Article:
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Sony HVR-A1 and HDR-HC Series
Sony's latest single-CMOS additions to their HDV camcorder line.


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Old October 25th, 2007, 11:14 AM   #1
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HC1, filters, and softness

I recently bought an ND4 filter for use on my HC1 to adjust the depth of field. The other day I had the CP filter on as well as I was shooting around water and experimenting. I left both filters in place.

Yesterday I shot some video of a karate event indoors. I left both filters in place as there were some shots that looked out through large panes of glass into a sunlit parking lot and I was experimenting with reducing glare or whatever.

The footage looked okay on the LCD, but once brought into the computer I noticed a softness and color distortion (fringing). Is this typical of "off the shelf" filters? Or is it because I'm adding glass in front of the camera? Does it have to do, perhaps, with the lighting?

Some observations: with the filters, my HC1 could now distinguish purple from blue. Whites looked stunningly white, reds looked red. Also, my son's blue eyes actually show up as blue instead of "washed out".

Previously, my camera couldn't really make out blue - a blue belt and purple belt both looked purple. On the downside, the dark areas of the picture look very dark with very little detail.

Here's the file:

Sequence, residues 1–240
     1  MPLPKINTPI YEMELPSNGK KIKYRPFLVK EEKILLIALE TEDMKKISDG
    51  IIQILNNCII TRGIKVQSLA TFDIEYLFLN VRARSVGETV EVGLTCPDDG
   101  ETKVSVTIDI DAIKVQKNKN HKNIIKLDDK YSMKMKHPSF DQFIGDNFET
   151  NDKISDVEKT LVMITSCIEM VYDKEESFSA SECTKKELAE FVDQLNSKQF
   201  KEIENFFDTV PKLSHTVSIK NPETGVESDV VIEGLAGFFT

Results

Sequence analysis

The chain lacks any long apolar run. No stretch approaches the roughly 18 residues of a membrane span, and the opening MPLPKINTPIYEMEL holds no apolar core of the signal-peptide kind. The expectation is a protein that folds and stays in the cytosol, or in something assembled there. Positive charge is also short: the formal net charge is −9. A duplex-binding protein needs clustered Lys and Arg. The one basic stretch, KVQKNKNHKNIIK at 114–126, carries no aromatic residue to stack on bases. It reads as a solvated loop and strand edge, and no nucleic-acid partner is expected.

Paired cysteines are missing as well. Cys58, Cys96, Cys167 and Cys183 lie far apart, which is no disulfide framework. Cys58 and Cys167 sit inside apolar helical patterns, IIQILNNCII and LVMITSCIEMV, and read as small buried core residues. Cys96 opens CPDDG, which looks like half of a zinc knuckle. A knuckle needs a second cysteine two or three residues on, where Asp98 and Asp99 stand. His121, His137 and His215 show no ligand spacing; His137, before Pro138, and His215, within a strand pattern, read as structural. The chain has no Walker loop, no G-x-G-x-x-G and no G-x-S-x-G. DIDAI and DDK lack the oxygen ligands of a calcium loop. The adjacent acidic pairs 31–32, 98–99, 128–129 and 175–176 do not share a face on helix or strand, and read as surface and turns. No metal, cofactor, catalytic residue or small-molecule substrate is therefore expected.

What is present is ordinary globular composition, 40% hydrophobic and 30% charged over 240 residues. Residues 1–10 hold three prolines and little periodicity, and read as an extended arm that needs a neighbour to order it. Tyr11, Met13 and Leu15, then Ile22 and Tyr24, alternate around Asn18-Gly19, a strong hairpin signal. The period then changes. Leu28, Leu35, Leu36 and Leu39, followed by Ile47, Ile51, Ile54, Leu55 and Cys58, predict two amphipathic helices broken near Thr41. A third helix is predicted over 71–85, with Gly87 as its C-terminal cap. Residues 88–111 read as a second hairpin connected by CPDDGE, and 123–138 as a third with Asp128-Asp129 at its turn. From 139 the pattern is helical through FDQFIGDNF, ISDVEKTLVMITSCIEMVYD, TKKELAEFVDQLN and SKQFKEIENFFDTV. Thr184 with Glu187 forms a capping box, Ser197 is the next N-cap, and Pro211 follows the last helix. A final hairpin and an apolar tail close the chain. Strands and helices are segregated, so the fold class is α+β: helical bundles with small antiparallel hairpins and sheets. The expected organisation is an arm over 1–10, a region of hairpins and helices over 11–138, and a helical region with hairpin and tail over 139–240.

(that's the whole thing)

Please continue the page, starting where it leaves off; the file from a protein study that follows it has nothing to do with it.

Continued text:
I'm hoping the answer is the CP filter and that if I remove it then the clarity will be restored in future shots. On the downside, I will be doing some outdoor shots not too long from now and want to use the filter to enhance the blue sky and water shots.

Comments and/or suggestions?

Both filters are Sunpak picked up at the local electronics store.
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Old November 4th, 2007, 12:31 AM   #2
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HC1,filters, and softness

hi Paul,
I have the same problem with my HC1 & AI except my filters are LEE & FORMATT. The el cheapo HOYA does not soften the image as much. I never had that happen with the VX 1000 & the digital 8. In fact when I look at the old footage it actually looks better than the new HDV. Maybe the camereas are just simply too cheap or HDV requires different filters. Will see if the 3 cmos are better.
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Old November 6th, 2007, 10:10 PM   #3
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A1u and filters